to Mr. Phelps.
Washington , February 17, 1888.
Sir: I transmit herewith translation of a note received by me on the 15th instant, wherein the Venezuelan minister sets forth the information lately supplied to him, to the effect that the legislature of Demerara has recently asserted a claim to British jurisdiction over the gold-mining district of Caratal, on the headwaters of the Yuruari River, and that by a decree of the governor of British Guiana, dated December 31, 1887, formal denial is made of the validity of a grant by the Venezuelan Government for the construction of a railway from Giudad Bolivar to Guacipaté,[Page [Map 1]] [Page ] [Page 699]
a city in the Caratal district, on the ground that it passes “in and over certain territories and lands within and forming part of the colony of British Guiana.”
No other foundation for the minister’s statement appears than the article in the Financier of January 24, to which Mr. Olavarria’s informant refers.
The Government of the United States has hitherto taken an earnest and friendly interest in the question of boundaries so long in dispute between Great Britain and Venezuela, and, so far as its disinterested counsels were admissible, has advocated an amicable, final, and honorable settlement of the dispute. We have followed this course on the assumption that the issue was one of historical fact, eminently adaptable for admitting arbitration, and that the territorial claims of each party had a fixed limit, the right to which would without difficulty be determined according to the evidence.
The claim now stated to have been put forth by the authorities of British Guiana necessarily gives rise to grave disquietude, and creates an apprehension that the territorial claim does not follow historical traditions or evidence, but is apparently indefinite. At no time hitherto does it appear that the district of which Guacipatí is the center has been claimed as British territory or that such jurisdiction has ever been asserted over its inhabitants, and if the reported decree of the governor of British Guiana be indeed genuine it is not apparent how any line of railway from Ciudad Bolivar to Guacipatí could enter or traverse territory within the control of Great Britain.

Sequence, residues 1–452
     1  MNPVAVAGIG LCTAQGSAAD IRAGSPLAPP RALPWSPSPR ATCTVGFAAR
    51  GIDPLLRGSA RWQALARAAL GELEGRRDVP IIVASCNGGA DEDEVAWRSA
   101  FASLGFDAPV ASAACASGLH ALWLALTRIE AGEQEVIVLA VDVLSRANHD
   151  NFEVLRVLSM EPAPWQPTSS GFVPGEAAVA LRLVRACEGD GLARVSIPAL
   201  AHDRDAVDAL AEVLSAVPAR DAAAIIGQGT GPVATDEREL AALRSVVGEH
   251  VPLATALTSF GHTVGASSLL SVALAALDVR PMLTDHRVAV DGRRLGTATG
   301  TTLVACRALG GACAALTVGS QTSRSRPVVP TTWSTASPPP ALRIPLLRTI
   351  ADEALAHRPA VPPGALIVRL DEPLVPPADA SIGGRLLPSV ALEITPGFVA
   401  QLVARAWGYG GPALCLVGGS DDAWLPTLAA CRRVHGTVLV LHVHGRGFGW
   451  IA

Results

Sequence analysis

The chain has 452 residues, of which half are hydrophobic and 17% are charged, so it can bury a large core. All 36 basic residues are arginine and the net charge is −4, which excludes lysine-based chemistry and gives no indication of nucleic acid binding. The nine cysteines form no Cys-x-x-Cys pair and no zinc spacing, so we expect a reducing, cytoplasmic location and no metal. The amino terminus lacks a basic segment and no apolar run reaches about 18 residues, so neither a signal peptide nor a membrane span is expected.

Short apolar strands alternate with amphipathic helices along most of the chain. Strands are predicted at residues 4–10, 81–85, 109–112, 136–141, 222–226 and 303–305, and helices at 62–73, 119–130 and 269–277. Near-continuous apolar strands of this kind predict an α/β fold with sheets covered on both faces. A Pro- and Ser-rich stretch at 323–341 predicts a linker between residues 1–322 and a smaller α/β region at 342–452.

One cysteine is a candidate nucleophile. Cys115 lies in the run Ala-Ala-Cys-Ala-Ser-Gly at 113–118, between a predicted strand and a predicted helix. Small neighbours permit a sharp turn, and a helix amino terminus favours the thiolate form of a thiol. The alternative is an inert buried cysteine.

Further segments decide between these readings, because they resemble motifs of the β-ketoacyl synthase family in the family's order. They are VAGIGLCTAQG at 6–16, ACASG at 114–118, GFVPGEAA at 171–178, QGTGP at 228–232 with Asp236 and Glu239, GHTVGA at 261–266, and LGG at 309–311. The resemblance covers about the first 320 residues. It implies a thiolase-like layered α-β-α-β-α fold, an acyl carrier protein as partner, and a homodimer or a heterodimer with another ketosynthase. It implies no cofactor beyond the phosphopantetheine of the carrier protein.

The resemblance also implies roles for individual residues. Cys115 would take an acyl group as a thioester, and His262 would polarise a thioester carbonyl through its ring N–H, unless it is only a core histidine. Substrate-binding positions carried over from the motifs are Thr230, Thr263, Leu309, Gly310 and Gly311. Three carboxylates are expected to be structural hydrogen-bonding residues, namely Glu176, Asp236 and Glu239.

It is true that the line claimed by Great Britain as the western boundary of British Guiana is uncertain and vague. It is only necessary to examine the British colonial office list for a few years back to perceive this. In the issue for 1877, for instance, the line runs nearly southwardly from the mouth of the Amacuro to the junction of the Cotinga and Takutu Rivers. In the issue for 1887, ten years later, it makes a wide detour to the westward, following the Yuruari. Guacipatí lies considerably to the westward of the line officially claimed in 1887; and it may perhaps be instructive to compare with it the map which doubtless will be found in the colonial office list for the present year.
It may be well for you to express anew to Lord Salisbury the great gratification it would afford this Government to see the Venezuelan dispute amicably and honorably settled, by arbitration or otherwise, and our readiness to do anything we properly can to assist in that end.
In the course of your conversation you may refer to the publication in the London Financier of January 24 (a copy of which you can procure and exhibit to Lord Salisbury), and express apprehension lest the widening pretensions of British Guiana to possess territory over which Venezuelan jurisdiction has never heretofore been disputed may not diminish the chances for a practical settlement.
If, indeed, it should appear that there is no fixed limit to the British boundary claim, our good disposition to aid in a settlement might not only be defeated, but be obliged to give place to a feeling of grave concern.
I append, for your information, a copy of the map recently printed, with the boundary correspondence, by Venezuela, on which are roughly penciled the situation of Guacipatí and the line of demarkation according to the colonial office list for 1887. The line for 1877 nearly follows that shown on the map as “Sir Robert Schomburgk’s line.”
I am, etc.,